New Delhi, April 14: Good that communists don’t believe in such unresolved things as spirit and soul. Otherwise, Prakash Karat would have found it difficult today to resist the temptation to wonder whether he heard a chuckle from P.C. Joshi.
But Karat, the inscrutable comrade, did allow himself the concession of recalling the “endless cups of tea” he had with the original PC.
That, for the uninitiated, is how the CPM admitted into its pantheon the undivided communist party’s Independence-era helmsman whose prophetic stand on the Congress was then pilloried but is now reluctantly practised.
“P.C. Joshi’s centenary must be observed to bring alive the glorious period of communism,” Karat said, before recalling his own association with Joshi at the Jawaharlal Nehru University canteen.
The occasion was the birth centenary of the general secretary of the undivided party, who was forced out because he wanted the communists to work with the Congress and be a part of the national mainstream — as the CPM is doing now.
“Regardless of which stream we look upon, Joshi was one of the builders of the communist movement in India,” Karat told the gathering at the party’s cultural centre, next to its headquarters at A.K. Gopalan Bhavan. On the dais with him were Congress’s N.D. Tiwari, from Uttarakhand like Joshi, and CPI general secretary A.B. Bardhan.
The centenary was to have been a solo show of the CPI, the party which had rehabilitated Joshi after the split in 1964 when the hardliners went out and formed the CPM. The hawks, who thought Independence was a sham — Yeh azaadi jhoothi hai, was the slogan — and Nehru was a “running dog of imperialism”, would have nothing to do with the Joshi line.
If one PC came up with unpalatable ideas then, another is tormenting the CPM now with hard-to-digest terms such as reforms and market. But from P.C. Joshi to P. Chidambaram, the CPM has changed several of its positions.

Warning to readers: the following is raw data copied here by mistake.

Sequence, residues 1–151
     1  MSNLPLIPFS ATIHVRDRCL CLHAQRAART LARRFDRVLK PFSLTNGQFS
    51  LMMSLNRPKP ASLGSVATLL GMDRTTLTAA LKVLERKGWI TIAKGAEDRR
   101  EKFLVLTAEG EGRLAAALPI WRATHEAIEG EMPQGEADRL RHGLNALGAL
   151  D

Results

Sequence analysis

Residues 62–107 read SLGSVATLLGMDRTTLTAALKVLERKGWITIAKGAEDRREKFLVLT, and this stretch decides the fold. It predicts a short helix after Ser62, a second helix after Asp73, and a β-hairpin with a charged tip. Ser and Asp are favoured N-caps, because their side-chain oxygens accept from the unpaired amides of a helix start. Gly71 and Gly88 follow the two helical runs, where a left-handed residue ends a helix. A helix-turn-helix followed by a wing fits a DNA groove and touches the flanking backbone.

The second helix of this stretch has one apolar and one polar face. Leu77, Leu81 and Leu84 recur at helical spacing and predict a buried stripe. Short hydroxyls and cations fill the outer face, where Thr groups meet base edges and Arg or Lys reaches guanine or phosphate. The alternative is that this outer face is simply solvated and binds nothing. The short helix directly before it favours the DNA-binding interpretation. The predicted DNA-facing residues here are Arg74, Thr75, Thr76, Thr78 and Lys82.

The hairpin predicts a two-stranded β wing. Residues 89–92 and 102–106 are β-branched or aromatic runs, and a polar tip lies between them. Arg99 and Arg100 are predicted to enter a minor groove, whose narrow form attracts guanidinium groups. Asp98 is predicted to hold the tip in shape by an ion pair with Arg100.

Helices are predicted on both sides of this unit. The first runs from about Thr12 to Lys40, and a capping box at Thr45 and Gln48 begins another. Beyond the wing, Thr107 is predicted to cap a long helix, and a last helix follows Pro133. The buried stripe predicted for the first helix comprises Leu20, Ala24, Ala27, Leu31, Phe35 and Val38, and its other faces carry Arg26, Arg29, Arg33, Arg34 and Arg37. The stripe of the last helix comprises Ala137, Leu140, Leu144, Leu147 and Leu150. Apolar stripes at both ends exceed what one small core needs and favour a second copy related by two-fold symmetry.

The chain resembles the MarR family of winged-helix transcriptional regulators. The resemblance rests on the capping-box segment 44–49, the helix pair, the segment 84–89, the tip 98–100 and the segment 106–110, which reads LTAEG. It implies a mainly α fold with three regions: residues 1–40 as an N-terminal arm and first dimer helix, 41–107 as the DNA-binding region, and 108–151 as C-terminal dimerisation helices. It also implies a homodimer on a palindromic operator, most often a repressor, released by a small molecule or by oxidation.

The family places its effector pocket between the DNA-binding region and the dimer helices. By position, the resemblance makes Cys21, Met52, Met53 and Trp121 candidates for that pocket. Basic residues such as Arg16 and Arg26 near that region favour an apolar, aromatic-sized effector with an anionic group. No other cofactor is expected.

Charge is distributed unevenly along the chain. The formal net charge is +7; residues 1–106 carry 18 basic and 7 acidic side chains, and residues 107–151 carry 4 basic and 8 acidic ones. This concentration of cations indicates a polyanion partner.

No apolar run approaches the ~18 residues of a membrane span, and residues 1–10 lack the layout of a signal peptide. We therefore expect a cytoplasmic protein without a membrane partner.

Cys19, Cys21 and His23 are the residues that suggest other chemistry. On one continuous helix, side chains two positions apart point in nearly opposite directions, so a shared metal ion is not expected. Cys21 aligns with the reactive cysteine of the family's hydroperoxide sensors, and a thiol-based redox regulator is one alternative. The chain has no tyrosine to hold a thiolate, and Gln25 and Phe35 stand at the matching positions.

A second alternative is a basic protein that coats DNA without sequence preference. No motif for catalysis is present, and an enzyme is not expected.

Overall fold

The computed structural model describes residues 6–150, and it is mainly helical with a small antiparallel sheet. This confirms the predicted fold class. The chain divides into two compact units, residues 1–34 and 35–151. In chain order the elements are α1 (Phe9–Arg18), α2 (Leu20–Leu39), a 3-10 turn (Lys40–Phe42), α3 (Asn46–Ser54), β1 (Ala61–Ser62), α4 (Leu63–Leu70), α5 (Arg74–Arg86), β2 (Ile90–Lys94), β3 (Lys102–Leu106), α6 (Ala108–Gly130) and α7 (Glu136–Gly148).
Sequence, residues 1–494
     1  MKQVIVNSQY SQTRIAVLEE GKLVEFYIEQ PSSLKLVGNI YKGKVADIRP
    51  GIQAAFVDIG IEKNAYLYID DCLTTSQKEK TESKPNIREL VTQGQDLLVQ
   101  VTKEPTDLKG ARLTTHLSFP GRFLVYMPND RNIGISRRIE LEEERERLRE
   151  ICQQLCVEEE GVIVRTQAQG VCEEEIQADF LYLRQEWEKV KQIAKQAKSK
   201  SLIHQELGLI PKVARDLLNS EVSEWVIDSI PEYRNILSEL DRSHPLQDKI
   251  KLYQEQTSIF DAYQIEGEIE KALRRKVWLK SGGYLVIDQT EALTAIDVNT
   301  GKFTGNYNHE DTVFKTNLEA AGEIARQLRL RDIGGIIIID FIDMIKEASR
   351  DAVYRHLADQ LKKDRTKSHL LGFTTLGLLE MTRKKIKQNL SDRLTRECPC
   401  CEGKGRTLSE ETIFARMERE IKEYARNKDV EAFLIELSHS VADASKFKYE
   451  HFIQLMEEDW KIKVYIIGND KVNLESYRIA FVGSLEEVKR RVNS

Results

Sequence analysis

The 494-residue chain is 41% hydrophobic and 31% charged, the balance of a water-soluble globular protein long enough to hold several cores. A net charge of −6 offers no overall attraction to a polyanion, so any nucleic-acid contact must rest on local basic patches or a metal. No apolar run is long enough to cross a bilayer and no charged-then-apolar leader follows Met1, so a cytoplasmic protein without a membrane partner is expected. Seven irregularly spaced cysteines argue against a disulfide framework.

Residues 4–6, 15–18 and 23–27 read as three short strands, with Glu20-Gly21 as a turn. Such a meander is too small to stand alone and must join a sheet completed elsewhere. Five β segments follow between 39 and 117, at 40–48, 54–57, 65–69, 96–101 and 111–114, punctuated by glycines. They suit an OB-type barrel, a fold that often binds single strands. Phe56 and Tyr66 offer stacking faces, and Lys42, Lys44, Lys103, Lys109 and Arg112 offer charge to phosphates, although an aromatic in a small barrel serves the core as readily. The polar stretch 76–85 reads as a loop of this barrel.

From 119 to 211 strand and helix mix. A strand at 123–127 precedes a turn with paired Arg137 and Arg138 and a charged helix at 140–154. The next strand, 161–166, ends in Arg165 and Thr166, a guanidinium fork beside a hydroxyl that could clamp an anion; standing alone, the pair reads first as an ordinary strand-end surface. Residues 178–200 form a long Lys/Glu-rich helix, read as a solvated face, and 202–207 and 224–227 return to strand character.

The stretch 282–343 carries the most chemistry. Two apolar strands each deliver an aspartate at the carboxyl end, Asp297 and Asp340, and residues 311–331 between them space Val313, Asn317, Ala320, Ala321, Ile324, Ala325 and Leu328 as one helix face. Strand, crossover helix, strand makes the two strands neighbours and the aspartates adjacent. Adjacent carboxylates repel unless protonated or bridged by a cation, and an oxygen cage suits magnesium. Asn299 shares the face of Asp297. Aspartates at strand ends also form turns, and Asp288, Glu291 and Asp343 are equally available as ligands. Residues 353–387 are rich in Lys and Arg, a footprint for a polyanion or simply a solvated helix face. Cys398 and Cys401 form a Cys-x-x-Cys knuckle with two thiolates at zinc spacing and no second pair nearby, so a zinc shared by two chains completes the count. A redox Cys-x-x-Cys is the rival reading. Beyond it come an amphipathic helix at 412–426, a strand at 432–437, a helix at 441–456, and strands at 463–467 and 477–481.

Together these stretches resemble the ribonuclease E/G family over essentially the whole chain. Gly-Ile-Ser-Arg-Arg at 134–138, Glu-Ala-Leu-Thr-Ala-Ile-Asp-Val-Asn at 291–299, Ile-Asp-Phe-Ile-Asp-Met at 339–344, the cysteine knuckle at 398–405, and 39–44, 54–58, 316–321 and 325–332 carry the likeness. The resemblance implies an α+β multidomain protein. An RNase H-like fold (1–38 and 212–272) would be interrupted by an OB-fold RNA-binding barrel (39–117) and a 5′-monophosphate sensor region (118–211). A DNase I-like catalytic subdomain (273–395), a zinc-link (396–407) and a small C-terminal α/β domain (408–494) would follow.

The party is part of a national front in New Delhi that has Congress-communist unity at its core, as Joshi had wanted.
In Bengal, where it rules, it is pushing economic reforms and the teaching of English in the primary classes — policies it once denounced as “elite”, another label thrown at Joshi by the for-the-masses CPM.
Having embraced the Joshi line over the years — Jyoti Basu was the first to do it, bringing in minds like Ashok Mitra and Asim Dasgupta into his government rather than mass leaders alone — it was only fit that the CPM embrace the man himself. So, Karat informed the CPI that his party would like to be part of the year-long centenary celebrations.
“Joshi organised the communist party at an all-India level. He attracted the finest minds to the communist movement,” Karat said in the CPM’s first public acknowledgement of his contribution.
Karat, however, conceded the “major differences”. “Joshi represented a political thought opposed by many in the CPM.”
But his formal rehabilitation in CPM was a long time coming. While Basu quietly attempted to follow his line — taking care not to ruffle then Left Front chairman Pramod Das Gupta, a hardliner — Das Gupta’s successor Saroj Mukherjee publicly acknowledged Joshi’s contribution to the communist movement in his two-volume biography.
Rehabilitating leaders they have condemned before comes easily to Marxists — Netaji Subhas Chandra Bose and Nehru, who is now established as a leading freedom fighter, are but two examples.
What would have made it easier for Karat today is the happy time he spent with Joshi as a student. Although rehabilitated in the CPI, Joshi never quite regained his authority and increasingly withdrew from active politics after the 1964 split. He chose instead to focus on researching communist history at JNU, where Karat was a student.
“I remember my discussions with P.C. Joshi in the canteen of the Jawaharlal Nehru University where he spent a lot of time. We had endless cups of tea,” he said today.